This corporate situation is all new to me but I'm well aware that most companies will use those same words no matter how cut-throat the way they operate. Honestly, when I hear a company/employer use the word 'team' it usually puts me into cynic mode. I chose to apply for a job here, though, because every company person I'd encountered so far, as a customer and as a job-seeker, had actually behaved the way the posters dotted around the joint said they should.

So, anyway, after the General Manager finished talking with us, he turned it over to the VP, telling us she'd worked with the company for over 18 years and was also a member of the family that started the company and still owns and operates it. The VP told us she just wanted to be there to meet us and say hello and wish us all the best as new team members and then she asked if anyone had any questions for her.

After a beat, Alonso raised his hand. When the VP said 'Yes?' Alonso replied, "How many bars are there here?"

There was some light laughter from everybody, including the VP and GM. I cringed a wee bit for Alonso. After a second, the VP smiled and said, "Well, that's an interesting question for you to ask me." The Trainer called from the back, "Alonso is a new beverage porter." The VP responded, "Well then that's a perfect question for you to ask me, Alonso!" and turned to the GM and they both started working it out by naming and counting the bars on their fingers, smiling the whole time. When she gave Alonso the final tally, the VP smiled at him and said, "You look like you're raring to go." He grinned and sort of wriggled in his seat and said, "I am!".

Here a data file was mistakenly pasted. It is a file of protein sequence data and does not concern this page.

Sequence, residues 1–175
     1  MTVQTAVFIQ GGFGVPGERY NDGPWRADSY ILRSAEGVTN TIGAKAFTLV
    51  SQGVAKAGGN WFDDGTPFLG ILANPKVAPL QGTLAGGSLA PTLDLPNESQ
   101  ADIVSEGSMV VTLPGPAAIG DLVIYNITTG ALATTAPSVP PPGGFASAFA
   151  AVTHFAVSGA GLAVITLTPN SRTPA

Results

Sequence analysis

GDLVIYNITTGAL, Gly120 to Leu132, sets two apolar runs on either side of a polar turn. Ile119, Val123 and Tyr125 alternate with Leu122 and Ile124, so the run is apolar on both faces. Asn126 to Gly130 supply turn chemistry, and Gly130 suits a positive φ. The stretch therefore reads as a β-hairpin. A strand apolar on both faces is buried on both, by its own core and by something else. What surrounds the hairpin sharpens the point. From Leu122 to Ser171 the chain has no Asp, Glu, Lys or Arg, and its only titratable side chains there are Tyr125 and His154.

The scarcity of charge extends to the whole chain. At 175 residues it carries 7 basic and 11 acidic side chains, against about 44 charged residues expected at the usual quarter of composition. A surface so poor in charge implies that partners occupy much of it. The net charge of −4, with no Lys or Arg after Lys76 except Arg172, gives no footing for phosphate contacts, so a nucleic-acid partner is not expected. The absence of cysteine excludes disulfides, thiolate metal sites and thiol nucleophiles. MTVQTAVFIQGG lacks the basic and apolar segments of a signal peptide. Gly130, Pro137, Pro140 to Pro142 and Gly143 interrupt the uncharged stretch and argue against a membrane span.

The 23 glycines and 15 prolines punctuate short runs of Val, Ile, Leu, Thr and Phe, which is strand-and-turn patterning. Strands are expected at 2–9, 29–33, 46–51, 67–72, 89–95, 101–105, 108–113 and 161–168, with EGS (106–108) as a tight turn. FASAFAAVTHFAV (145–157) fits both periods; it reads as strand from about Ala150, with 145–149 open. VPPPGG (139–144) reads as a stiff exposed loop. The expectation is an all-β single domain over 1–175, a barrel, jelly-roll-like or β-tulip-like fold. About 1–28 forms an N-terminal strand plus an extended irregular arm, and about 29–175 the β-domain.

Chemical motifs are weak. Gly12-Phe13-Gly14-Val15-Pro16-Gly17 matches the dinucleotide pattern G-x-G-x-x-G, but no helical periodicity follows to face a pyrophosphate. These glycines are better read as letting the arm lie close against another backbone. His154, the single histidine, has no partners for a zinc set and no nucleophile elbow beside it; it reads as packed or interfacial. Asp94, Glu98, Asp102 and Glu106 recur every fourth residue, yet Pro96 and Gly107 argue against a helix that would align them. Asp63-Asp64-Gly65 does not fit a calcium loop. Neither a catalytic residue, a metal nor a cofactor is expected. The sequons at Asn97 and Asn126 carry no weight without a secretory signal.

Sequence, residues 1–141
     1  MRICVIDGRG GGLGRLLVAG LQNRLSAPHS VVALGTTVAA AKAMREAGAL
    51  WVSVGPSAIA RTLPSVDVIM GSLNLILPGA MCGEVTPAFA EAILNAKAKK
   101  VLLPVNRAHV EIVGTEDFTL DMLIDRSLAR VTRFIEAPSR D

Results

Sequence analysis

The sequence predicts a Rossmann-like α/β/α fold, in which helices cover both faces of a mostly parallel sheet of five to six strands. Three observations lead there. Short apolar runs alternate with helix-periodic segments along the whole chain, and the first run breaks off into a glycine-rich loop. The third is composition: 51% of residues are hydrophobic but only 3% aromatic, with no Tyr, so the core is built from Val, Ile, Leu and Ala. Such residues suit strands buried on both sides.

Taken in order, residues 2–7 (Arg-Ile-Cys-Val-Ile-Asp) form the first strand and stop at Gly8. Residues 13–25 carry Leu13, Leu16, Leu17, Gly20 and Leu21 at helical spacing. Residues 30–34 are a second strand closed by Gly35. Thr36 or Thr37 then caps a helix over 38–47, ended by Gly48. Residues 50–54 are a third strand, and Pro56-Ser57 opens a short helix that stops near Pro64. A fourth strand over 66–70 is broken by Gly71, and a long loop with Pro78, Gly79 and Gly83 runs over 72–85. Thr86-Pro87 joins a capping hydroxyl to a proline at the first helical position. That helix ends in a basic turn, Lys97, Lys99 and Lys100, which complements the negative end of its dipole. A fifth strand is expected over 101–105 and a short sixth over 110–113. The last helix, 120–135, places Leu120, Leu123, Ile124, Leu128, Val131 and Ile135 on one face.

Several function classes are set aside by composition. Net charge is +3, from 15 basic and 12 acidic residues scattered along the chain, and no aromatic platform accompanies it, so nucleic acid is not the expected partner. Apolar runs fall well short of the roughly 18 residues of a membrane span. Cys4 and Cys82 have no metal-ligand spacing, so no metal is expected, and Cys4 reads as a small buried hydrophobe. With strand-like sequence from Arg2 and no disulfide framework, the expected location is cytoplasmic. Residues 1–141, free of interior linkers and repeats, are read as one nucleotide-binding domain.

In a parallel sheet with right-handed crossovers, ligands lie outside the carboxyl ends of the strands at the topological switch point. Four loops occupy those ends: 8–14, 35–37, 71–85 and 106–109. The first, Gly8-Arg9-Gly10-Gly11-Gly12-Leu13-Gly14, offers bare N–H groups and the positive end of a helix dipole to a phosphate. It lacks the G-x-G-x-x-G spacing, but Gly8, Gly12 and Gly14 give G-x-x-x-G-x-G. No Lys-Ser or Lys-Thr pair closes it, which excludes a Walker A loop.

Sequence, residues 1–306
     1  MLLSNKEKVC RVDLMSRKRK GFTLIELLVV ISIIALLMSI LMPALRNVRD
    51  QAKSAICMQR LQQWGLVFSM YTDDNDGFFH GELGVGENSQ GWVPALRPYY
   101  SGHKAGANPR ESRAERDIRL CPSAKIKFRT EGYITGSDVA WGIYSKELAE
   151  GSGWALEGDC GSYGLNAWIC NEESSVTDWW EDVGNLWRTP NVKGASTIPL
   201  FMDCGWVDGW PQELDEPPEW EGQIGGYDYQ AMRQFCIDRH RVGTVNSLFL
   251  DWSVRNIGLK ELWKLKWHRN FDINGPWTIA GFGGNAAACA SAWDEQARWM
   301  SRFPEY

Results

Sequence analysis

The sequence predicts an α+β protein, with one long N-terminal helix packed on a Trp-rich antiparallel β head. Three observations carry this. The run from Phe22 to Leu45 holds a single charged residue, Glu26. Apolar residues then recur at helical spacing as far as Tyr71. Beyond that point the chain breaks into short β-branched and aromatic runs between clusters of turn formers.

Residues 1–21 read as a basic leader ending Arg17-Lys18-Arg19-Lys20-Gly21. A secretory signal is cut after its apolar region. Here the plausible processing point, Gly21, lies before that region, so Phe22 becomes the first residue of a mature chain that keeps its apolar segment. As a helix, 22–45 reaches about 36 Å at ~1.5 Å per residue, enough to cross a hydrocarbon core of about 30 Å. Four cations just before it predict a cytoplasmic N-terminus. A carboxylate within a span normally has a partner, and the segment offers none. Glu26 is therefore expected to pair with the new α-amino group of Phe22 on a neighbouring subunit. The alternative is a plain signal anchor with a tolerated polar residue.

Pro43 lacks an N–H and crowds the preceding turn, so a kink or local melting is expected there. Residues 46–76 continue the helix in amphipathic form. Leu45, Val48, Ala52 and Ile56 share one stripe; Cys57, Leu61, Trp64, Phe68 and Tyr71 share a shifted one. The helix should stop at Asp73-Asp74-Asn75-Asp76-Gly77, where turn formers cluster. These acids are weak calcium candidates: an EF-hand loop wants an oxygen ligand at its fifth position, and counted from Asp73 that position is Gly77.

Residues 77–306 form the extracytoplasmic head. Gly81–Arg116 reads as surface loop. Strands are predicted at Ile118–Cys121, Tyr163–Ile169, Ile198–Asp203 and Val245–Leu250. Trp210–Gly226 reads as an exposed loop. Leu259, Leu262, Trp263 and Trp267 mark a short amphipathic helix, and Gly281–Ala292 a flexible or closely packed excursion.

Those two high-ups (as high-up as you can get around here really) met that moment with such easy-going grace that it left me feeling a bit 'Alonso' myself.

p.s.  I get my first paycheck Friday 10th May.  I may play before then but will definitely play that weekend!

Thursday, 25 April 2013

Oasis spotted...

I got a bloody part-time job today!!!!

Went for a second interview, got offered the position there and then (and sent straight for the urine drug test when I accepted )